SINGAPORE - Officers from the National Environment Agency (NEA) will be able to enter smoking-prohibited places without warrants to investigate smoking violations, and it will be illegal to obstruct or prevent them from collecting evidence.
In addition, it will be illegal to verbally or physically abuse an officer, and to mislead or withhold identification from them.
In presenting the amendments to the Smoking (Prohibition in Certain Places) Act, which were passed on Monday (Sept 10), Senior Minister of State for Health Amy Khor said these increased powers were needed to ensure that NEA could effectively maintain Singapore's smoking bans.
Dr Khor said: "Currently, to investigate complaints about smoking violations, NEA enters and inspects the premises with the manager's consent. While most have been cooperative, some managers have hindered investigations by denying NEA's authorised officers entry into their premises, which prevents timely, effective investigation and enforcement."
She also said Orchard Road would be the only geographical area in Singapore marked as a smoke-free zone for now. Only after assessing its success will the authorities decide if it is worth expanding the concept to other parts of the country.
Seven Members of Parliament spoke in favour of the Bill, though all of them urged the Government to take stronger action against smokers in residential flats whose second-hand smoke affected their neighbours.
Nee Soon GRC MP Louis Ng said: "It would seem at odds to protect people from second-hand smoke in the public areas where they spend less time and not protect them at home where they spend more time."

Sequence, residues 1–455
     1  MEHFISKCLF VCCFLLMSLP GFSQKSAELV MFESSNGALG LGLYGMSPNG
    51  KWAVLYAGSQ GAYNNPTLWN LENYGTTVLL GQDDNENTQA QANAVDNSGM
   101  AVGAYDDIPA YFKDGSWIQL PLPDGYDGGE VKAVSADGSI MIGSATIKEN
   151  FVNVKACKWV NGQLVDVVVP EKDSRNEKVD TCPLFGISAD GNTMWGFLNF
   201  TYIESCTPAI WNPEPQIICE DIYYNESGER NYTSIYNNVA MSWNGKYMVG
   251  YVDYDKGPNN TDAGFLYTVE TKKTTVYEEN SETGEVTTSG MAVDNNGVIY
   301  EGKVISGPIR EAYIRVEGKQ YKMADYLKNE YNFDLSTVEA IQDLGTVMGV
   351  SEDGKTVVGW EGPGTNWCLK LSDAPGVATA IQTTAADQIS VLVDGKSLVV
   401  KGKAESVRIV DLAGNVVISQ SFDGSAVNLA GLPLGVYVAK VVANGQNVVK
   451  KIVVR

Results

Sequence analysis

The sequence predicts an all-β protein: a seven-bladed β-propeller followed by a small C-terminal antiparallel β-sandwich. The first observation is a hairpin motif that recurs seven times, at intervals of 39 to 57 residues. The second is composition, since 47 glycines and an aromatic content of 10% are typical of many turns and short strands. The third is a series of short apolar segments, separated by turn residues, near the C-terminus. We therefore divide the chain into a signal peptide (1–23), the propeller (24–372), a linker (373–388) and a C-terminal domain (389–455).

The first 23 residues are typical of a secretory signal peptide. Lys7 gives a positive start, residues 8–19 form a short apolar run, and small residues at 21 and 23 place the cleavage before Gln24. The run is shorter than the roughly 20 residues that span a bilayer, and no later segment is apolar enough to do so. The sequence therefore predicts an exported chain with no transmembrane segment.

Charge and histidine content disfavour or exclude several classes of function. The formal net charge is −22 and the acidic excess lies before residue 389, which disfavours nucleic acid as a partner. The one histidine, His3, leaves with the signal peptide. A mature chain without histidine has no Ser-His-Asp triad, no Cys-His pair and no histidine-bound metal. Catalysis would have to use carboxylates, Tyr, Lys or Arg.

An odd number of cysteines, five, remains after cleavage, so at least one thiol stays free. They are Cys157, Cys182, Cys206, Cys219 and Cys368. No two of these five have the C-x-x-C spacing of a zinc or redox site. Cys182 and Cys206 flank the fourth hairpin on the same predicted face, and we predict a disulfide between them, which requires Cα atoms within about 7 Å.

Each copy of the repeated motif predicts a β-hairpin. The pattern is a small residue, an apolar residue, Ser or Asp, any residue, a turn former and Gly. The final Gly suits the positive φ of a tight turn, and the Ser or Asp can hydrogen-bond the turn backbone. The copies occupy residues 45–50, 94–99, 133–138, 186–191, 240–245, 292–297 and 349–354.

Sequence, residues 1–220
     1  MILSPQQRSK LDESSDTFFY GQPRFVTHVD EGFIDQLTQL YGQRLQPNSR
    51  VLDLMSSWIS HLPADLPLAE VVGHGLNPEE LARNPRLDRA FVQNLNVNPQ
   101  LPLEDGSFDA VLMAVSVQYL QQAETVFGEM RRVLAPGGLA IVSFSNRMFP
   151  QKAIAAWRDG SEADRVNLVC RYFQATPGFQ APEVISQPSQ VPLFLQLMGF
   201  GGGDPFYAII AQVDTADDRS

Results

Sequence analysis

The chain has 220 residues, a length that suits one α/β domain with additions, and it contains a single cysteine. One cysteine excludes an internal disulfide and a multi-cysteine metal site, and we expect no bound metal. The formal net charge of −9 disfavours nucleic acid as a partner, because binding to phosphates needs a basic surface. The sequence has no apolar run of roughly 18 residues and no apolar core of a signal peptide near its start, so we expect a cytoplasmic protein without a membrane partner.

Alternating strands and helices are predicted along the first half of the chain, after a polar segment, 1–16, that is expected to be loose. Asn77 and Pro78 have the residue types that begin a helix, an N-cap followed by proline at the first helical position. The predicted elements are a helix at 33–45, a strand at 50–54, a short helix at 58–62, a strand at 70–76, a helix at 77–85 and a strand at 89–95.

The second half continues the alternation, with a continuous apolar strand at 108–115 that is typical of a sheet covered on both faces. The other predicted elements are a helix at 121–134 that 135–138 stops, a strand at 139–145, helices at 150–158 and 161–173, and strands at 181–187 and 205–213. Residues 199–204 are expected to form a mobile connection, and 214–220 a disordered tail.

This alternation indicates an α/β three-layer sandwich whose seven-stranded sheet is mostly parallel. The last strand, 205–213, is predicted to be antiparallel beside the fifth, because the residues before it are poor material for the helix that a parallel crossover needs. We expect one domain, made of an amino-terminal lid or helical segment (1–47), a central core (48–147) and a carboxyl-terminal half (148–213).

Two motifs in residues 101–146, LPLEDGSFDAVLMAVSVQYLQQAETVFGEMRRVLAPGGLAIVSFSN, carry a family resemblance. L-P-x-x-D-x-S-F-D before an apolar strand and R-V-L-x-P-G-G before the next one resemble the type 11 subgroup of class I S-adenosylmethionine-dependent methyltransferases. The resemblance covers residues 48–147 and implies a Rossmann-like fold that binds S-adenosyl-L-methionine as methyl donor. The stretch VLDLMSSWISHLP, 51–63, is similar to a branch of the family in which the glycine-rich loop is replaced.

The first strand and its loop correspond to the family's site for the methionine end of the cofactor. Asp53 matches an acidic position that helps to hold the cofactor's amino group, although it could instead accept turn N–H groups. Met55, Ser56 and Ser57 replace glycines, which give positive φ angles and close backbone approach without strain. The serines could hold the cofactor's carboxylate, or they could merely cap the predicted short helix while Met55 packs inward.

Fengshan MP Cheryl Chan gave the example of how one of her residents was affected by neighbours chain-smoking in the corridors, forcing her to turn her air-conditioning on for the sake of her young toddlers.
Tanjong Pagar GRC MP Joan Pereira suggested making it illegal for smoke to drift out of one's home, saying: "They should not be standing near the windows, doors or corridors to smoke. If smoke is detected outside of the flat, the resident should then be considered to have violated the law."
In response, Dr Khor cautioned against intruding into people's private homes in this realm.
"If we were to prohibit smoking in one's own homes, it would inevitably entail bringing to bear the necessary investigation and enforcement powers," she said. "Such an intrusive regulatory approach to tackling neighbourly issues could ultimately be even more detrimental to community harmony."
Dr Khor said that, in fact, the Government has seen a decrease in reports of second-hand cigarette smoke drifting into other's homes.
Many MPs also raised concerns over how the Bill would be effectively enforced.
Ang Mo Kio GRC MP Gan Thiam Poh asked what measures the ministry had to facilitate enforcement, and make it more efficient.
Responding, Dr Khor talked about the use of technology such as thermal cameras, for which the Government has called a tender. She also said that friends and family of smokers should fully support them if they are trying to quit.
"Enforcement is necessary but not the silver bullet. Instead, our deeper aim is to foster social norms that promote health and well-being."